Justin Trudeau Was Interviewed By Kids About COVID-19 & Their Questions Were Intense
"Where do homeless people go to be safe from the coronavirus?" one kid asked.
Since the beginning of the outbreak of COVID-19 in Canada, many of us have had so many questions. If you’ve been wondering about what will happen to homeless people, or what will happen if your loved ones become sick, you’re not the only one! Thankfully, Canada's kids are on the case, and they’ve asked Justin Trudeau some of the country’s toughest COVID-19 questions.
Sincemade an appearance in Canada, Prime Minister Justin Trudeau has been answering questions about the disease, as well as Canada’s response to it.
However, sometimes people want simple, easy-to-digest answers, and these don’t always come fromand public statements.
Thankfully, Canada’s kids are on-hand to get some straight answers from both Trudeau and Canada’s top doctor. Over the weekend, CBC Kids News asked the tough questions that children (and adults!) want answers to.
In fact, some of their interview questions are pretty intense.
If you’ve been wondering “When will a vaccine be developed?” or “Can the disease survive freezing temperatures?” don’t worry, the country's 6-year-olds have got your back!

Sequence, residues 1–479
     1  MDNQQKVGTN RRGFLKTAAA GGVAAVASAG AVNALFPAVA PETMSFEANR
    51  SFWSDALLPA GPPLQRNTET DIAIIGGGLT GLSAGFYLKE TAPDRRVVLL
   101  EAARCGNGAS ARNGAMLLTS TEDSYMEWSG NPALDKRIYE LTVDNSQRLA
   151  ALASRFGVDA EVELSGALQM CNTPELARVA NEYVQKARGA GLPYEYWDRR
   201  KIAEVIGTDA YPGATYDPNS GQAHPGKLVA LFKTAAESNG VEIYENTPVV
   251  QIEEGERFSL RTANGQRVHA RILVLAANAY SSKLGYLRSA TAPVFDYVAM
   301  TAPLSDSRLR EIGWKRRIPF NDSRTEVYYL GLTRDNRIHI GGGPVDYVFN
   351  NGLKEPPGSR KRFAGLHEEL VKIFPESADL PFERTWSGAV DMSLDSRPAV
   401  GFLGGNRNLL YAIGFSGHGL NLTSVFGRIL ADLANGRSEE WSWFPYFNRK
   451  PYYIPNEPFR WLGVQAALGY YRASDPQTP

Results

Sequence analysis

Starting the interview strong, one 10-year-old asked, "What can we do to support health care workers, apart from going outside every day and cheering them on?"
Trudeau explained that the best way to ensure the health care system was not overloaded is to make sure we don’t become sick. To do this, he recommended following social distancing protocol, staying at home, and washing your hands.
While he didn’t have an answer for the question, “When will school open again?” The PM did confirm, “It’s going to take a while still.”
One of the biggest questions Trudeau was asked during the interview was from a six-year-old girl in Toronto. "Where do homeless people go to be safe from the coronavirus?” she asked.
“One of the things we’ve done is given a lot of money to homeless shelters,” the PM explained, “to try and make sure that they have room for people who need a home.”
He added, “We’re all lucky to be living in a country where we all think about people who are more vulnerable and who have less, and need our support.”
Putting Dr. Tam to the test, one kid asked, "Do you think that Canadian scientists are going to come up with a vaccination soon?"
"It will take at least a year for the vaccine to be developed," she said. "Normally it can take up to ten years, so you can imagine, a one-year timeline is actually really, really fast."
She was also asked if COVID-19 can survive Canada's freezing cold winters.
"Unfortunately the cold or snow can't keep out the coronavirus," she explained.
The Prime Minister was also asked aboutwhat will happen to kids if their parents become sick with the disease, and what song he sings while he is washing his hands.
They even made him sing it!
Keep it up kids, you're doing great.
*This article's cover image is for illustrative purposes only.